1. I’m quite curious to see how your travel on the cheap evolves as the kids get bigger. I’ve found traveling with six of us (mostly-bigs) has created major challenges. Finding lodging to accommodate all of us (they are not quite big enough for me to be comfortable taking a chance at connecting-room bookings) is an adventure in and of itself. Paying for meals is a major chunk of travel expense, with the best case scenario at $50/meal. I love that we have always traveled with them, but now they/we have expectations of adventure, it’s become much more difficult to travel for next-to-nothing!

    • Carole,

      I’ve had those same thoughts and am likewise interested to see how travel evolves for my family.

      A few thoughts I’ve had in that regard so far include:

      • If my family is to stay in one room, that room will need to be a one-bedroom suite or larger. Therefore, programs whose points allow me to book directly into a suite (e.g., Hyatt) rise in value.

      • We could get connecting rooms. Or, at least, I figured that would be a good play for us. I’d be interested to hear more about what you mean by that not necessarily being a great setup.

      • We’ll probably be more likely to look at non-hotel options such as renting homes on Airbnb or VRBO. I know points can help defray such costs, but I’ll need to research how to maximize those opportunities. (And I’m hoping that new opportunities/cards emerge as Airbnb and VRBO continue to establish their prominence.)

      • I’d also like to explore very different options for adventure, such as renting an RV. At a certain age for the kids, even just road trips in our minivan will probably be fun.

      It’s tough to imagine that travel won’t get harder / more expensive as my family grows. But I look forward to the challenge of trying to figure out how to do it on the cheap.

      Oh, last thought. Regarding meals, a good trick is to charge hotel meals to the room and then use a card that reimburses travel costs to pay the bill on the room. That’s what we did at the Fairmont, using the Barclay Arrival+ card to pay the room bill, which consisted entirely of food charged to the room. Not infinitely scalable, but helpful.

      Thanks for the comment!

      • Regarding the connecting rooms – my understanding is that even at family-friendly venues (e.g. Disney) there is no guarantee for rooms that are next to each other or that actually connect – I imagine trying to use reward nights gets even trickier. Our age range is 8, 11, 15, and 17. There is a curious feeling when one’s child is a bit too young to have access to an outside door (or the chance that there is a second entrance/exit), but then on the immediate other side of that dilemma, they become slightly older and may decide they are big enough to go exploring at an odd moment. Some parents are okay with that risk. Also, my husband and I decided we really don’t want to do the one adult in each room thing – another possibility!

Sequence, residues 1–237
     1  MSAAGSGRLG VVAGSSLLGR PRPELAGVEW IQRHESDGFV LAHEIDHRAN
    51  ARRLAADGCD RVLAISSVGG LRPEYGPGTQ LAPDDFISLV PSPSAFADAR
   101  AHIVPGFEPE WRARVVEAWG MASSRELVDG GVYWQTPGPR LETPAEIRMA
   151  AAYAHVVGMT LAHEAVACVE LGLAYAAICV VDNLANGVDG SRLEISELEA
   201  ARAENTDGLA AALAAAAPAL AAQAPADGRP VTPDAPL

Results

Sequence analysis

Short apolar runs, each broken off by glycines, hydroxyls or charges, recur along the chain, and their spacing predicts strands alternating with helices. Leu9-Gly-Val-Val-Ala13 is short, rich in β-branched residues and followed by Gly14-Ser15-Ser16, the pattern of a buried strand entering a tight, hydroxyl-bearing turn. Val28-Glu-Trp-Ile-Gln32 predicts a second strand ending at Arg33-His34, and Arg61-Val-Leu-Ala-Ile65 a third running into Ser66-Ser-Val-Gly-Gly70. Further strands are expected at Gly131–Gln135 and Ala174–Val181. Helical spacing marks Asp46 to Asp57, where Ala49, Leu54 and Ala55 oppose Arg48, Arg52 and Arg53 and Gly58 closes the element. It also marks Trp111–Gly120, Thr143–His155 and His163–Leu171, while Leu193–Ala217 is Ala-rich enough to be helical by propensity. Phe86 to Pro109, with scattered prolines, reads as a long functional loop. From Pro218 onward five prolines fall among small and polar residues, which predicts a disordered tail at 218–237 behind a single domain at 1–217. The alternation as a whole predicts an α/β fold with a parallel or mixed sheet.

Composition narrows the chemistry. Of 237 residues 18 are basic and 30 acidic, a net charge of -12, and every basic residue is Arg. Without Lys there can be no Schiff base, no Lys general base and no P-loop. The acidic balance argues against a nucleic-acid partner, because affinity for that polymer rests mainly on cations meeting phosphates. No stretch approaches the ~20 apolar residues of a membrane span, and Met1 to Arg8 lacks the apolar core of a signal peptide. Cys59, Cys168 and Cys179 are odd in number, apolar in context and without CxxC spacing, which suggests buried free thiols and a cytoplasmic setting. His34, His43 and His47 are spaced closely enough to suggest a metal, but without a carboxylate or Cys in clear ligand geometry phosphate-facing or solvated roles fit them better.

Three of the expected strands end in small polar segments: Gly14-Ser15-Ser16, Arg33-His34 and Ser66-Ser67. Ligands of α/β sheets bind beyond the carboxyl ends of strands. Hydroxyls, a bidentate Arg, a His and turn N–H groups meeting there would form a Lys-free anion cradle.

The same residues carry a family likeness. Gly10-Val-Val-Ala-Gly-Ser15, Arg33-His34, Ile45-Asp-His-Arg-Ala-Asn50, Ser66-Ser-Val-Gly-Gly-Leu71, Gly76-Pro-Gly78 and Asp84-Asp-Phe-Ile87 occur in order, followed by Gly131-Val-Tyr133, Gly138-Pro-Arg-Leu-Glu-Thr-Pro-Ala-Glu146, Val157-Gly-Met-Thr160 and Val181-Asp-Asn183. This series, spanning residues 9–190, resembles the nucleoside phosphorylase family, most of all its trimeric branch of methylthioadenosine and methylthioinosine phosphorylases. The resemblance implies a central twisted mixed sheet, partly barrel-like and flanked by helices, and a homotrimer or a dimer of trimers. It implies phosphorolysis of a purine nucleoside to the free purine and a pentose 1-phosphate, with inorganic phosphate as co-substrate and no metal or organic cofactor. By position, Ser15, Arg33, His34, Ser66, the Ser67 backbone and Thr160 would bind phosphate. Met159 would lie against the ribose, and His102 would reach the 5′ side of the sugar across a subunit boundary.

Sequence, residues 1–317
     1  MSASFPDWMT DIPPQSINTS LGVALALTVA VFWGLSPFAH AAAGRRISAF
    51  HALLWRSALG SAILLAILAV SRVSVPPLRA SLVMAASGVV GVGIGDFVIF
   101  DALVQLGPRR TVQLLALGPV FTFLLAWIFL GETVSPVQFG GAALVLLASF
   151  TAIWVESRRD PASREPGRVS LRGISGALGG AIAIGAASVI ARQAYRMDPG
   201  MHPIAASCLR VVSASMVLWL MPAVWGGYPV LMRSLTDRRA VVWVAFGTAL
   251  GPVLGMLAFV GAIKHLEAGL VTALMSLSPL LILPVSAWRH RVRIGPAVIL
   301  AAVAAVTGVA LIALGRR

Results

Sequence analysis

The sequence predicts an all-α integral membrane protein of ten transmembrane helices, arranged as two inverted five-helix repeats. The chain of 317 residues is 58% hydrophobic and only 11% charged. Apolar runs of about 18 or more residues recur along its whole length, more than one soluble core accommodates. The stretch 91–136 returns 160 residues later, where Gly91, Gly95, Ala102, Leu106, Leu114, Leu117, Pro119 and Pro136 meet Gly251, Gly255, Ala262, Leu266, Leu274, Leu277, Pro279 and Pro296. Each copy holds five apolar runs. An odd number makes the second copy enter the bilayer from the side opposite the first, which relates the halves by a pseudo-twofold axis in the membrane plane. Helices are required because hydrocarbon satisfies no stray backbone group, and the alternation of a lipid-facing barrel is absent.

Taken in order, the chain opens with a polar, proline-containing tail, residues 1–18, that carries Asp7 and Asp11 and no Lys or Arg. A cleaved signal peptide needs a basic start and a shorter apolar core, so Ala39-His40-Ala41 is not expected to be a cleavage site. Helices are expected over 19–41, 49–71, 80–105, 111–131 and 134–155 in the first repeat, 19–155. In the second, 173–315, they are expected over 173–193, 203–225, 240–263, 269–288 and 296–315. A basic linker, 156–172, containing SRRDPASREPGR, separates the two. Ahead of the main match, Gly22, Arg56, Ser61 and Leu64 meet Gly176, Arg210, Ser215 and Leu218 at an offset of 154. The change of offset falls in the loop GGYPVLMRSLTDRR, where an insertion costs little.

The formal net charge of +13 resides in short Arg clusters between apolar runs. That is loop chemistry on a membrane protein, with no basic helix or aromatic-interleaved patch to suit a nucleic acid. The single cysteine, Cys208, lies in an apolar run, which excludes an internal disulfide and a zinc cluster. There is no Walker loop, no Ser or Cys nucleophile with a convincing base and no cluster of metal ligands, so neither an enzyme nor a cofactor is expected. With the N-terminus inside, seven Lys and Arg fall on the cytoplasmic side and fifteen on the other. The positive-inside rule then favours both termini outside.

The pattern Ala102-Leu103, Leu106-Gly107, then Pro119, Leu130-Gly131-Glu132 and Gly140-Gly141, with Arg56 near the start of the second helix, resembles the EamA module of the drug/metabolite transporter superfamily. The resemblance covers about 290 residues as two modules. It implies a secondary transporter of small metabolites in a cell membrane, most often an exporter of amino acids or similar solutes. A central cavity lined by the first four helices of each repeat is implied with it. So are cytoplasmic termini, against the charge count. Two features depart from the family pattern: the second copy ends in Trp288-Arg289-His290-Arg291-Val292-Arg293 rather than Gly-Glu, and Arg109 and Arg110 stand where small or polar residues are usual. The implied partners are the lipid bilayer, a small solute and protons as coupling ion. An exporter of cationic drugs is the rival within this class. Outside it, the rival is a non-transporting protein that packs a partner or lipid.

Sneaking in more than the max cap has become problematic! 🙂 IHG, SPG, Hilton (Doubletree, etc) have had the best options for reward nights that can be upgraded to 3 beds. We haven’t gone the Airbnb route yet because it doesn’t offer a straight free night, but it’s definitely in the cards.

        • That all makes sense. I appreciate the concern with kids that age. Good to know IHG, SPG, and those certain Hilton properties have allowed upgrades to 3 beds. Thanks for sharing!

  2. Hi Brian, what do you think about cards like the Marriott Rewards Premier Credit Card (80,000 points, $85 annual fee, spend $3K in first 3 months, free anniversary night stay) or the Hilton Honors American Express Surpass Credit Card (100,000 points, $75 annual fee, spend $3K in first 3 months, free anniversary night stay)? I came across them while looking into the IHG card. Are these all about as good as the others? If so, do you just sign up for as many as you can reasonably meet the spend quota for? Also, amidst all these credit card deals, do you have a particular credit card(s) that you keep as “permanent” while you just rotate through these other cards (because for most of them it seems you can’t take advantage of the deals if it’s been less than 24 months since you were a cardholder–which seems to be motivation to cancel the card once you’ve received the benefits)? I’m thinking maybe the Southwest one? Lastly, is there a max # of open (1) credit card accounts and (2) rewards points programs you recommend having at one time so that the time required to keep track of the accounts and rewards programs doesn’t outweigh the benefits? Thanks!

    • Steve,

      Thanks again for these questions. I apologize for my delay in replying to them.

      I, personally, prefer hotel credit cards that come with points rather than free night certificates. With points, you have the flexibility to spend them for more nights at slightly lower-tier properties vs. with free night certificates where you only get 1 free night no matter the property. Also, free night certificates expire whereas points do not (as long as you periodically generate some point activity). I mentioned the IHG card because it’s free night certificate can enable, each year, the type of high-end stay that my family enjoyed with the Fairmont free night certificates. A lot of folks really enjoy those high-end splurges.

      In terms of how many cards to sign up for, provided that one has a good credit score, yes, the limiting factor is one’s ability to meet the cards’ required minimum spend. But there are tricks for that, too. See: http://www.brianmcadam.com/how-to-travel-for-free-part-5/

      I do keep some cards long-term. Those are typically premium cards that I have “downgraded” to no-annual-fee cards in order to avoid paying an annual fee beyond the first year. It’s also ideal, from what I’ve heard, to keep open the oldest card you have.

      Finally, I agree that one shouldn’t open more cards than one can properly manage. With a robust tracking system, I think that number can be fairly high, and the benefits of developing a good tracking system can be well worth it. That said, it’s important to know oneself in this regard.